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Do 's Works' Cars Need An Adjustable Fpr?


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#1 Wiggy

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Posted 10 July 2018 - 07:49 PM

Now, I realise that the modern 'S' kits provide one, but my JCG converted MPi doesn't.

Has anyone ever taken a well driving, problem free MPi S, and done a before and after power run to see if one is necessary/beneficial? Or at least a gas analysis?

Ive had a read of as many threads as I can about them, and some people say it did wonders for the way the car drives. Mine drives perfectly though.

But it's possible that fitting one just masked an existing problem? Tired or partially blocked injectors? Tired standard FPR? Dodgy O2 sensor? I don't know, just surmising.

Does anyone has any views or evidence on
the subject?

#2 Bat

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Posted 10 July 2018 - 09:49 PM

Hi,

Well it it depends on whether the car was mapped for one if you're comparing what has and hasn't got one fitted.

There's more than one type of adjustable fpr there's a standard 1:1, there's the rising rate or power boost valve and the 2:1 race valve. 

Obviously the mpi engines run out of injector window as more fuel is required for mods to the engines air flow, so to get more fuel in during the window you use more fuel pressure.

Cheers  :proud:



#3 Wiggy

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Posted 11 July 2018 - 01:20 AM

Ta for the reply.

My MPi isn't mapped, and it's not possible to 'map it' as far as I know. The MEMS2J is very sophisticated.

I understand that if the engine is running out of fuel, the ECU will try to compensate by increasing the pulse duration. This has its own problems because of the siamese ports. But a FPR set to a higher level is bypassing the ECU and injecting fuel at a greater rate than it realises. Thus fooling the ECU.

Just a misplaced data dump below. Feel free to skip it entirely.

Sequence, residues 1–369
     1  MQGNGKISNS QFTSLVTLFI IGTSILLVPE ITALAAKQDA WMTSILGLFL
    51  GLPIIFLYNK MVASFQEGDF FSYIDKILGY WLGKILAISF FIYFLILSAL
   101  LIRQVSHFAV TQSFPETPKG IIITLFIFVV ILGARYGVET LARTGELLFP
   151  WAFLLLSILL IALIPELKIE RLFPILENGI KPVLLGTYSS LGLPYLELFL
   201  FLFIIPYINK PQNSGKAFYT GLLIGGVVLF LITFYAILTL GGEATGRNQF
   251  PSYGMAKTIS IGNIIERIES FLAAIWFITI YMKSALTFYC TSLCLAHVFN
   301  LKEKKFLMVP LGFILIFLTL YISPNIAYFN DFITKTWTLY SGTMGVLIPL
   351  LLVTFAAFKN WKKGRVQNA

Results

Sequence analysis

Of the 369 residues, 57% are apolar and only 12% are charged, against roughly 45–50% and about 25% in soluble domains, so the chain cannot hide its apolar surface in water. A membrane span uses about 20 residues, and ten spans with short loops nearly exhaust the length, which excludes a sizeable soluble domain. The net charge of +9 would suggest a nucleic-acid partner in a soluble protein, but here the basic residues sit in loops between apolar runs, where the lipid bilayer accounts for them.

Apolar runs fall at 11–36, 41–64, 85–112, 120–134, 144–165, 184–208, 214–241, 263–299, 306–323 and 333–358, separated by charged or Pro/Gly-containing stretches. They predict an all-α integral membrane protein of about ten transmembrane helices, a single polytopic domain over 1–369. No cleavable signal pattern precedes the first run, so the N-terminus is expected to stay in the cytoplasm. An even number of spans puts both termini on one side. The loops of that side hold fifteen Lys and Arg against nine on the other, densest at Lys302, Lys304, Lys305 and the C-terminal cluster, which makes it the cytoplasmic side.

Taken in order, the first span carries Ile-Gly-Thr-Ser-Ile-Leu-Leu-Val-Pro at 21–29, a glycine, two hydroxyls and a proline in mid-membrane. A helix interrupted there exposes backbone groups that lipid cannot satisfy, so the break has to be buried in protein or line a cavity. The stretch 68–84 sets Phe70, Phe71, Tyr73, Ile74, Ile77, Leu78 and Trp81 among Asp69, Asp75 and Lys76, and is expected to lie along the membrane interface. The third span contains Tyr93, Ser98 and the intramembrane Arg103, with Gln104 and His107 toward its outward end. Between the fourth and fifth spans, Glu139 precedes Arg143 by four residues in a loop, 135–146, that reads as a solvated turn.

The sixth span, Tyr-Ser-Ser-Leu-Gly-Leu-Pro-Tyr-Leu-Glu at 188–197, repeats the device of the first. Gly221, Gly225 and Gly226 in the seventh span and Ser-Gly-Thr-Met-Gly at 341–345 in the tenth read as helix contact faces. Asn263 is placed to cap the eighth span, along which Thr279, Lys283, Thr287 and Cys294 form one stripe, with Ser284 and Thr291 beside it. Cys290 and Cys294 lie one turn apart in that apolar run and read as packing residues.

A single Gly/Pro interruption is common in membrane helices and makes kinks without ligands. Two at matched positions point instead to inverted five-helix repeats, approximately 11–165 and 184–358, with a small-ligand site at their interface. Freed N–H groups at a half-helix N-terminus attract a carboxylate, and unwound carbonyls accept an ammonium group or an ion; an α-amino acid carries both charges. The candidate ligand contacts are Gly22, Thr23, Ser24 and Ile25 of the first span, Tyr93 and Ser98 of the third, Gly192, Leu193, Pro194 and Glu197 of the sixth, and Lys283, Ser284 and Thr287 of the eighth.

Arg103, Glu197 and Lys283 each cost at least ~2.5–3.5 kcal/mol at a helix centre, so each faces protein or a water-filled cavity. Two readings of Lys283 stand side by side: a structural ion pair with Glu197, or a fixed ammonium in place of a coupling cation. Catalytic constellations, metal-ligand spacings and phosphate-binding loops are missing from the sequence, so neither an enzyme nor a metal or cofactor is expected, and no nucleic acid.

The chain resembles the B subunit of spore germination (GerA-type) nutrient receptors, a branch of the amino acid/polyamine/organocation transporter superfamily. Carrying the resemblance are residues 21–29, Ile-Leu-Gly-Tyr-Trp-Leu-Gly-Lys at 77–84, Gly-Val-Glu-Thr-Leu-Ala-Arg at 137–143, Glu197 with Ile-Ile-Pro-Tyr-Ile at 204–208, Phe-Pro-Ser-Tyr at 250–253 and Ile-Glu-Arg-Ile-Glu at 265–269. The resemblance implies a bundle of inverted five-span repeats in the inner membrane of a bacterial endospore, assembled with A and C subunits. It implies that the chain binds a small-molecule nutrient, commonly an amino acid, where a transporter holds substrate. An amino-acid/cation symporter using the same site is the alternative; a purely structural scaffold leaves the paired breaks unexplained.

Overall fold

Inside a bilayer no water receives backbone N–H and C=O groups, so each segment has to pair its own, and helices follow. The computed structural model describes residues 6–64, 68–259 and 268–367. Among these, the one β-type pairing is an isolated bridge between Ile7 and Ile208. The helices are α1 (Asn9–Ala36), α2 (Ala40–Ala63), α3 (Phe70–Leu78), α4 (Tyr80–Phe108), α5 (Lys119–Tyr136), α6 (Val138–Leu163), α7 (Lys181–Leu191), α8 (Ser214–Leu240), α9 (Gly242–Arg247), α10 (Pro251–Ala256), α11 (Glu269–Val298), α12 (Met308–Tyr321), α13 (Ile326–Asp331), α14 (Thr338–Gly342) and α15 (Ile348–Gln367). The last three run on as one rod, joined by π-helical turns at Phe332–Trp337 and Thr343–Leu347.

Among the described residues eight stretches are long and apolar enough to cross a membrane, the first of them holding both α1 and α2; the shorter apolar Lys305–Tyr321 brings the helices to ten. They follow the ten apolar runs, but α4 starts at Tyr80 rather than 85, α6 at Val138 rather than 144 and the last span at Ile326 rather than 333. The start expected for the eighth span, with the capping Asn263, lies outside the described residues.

My question is; is it beneficial?.... Is it needed?

#4 Bat

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Posted 11 July 2018 - 08:09 AM

Hi,

What do JCG do to the engine then, surely the map must be altered to increase the fuelling for whatever they did or is it just done with the FPR?

Cheers  :proud:



#5 hazpalmer14

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Posted 11 July 2018 - 10:36 AM

Hi,

What do JCG do to the engine then, surely the map must be altered to increase the fuelling for whatever they did or is it just done with the FPR?

Cheers  :proud:

 

The ECU can self adjust to an extent. WIth more air flowing into the engine the ECU senses this through its various sensors and in turn adds more fuel. You can tune the engines to an extent but only within the ECUs limitations and then to get more you would have to go to something like megasquirt etc



#6 Bat

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Posted 11 July 2018 - 10:43 AM

Hi,

It only self adjusts when in closed loop mode the rest of the time it refers to the the map as its only a narrow band sensor.

Cheers  :proud:



#7 Wiggy

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Posted 11 July 2018 - 02:22 PM

Just to be clear. The ECU is totally standard with these conversions.

The injector pulse width is controlled by the ECU. By increasing the fuel pressure, you're increasing the amount of fuel injected within the fixed pulse.

I'm not really a fan of the idea in principle, but I'd love to know of the actual benefits. If any.

#8 Shep76S

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Posted 11 July 2018 - 06:37 PM

On my 96 Spi JC's fitted a resistive link in the coolant circuit so the fuel was richer

#9 Wiggy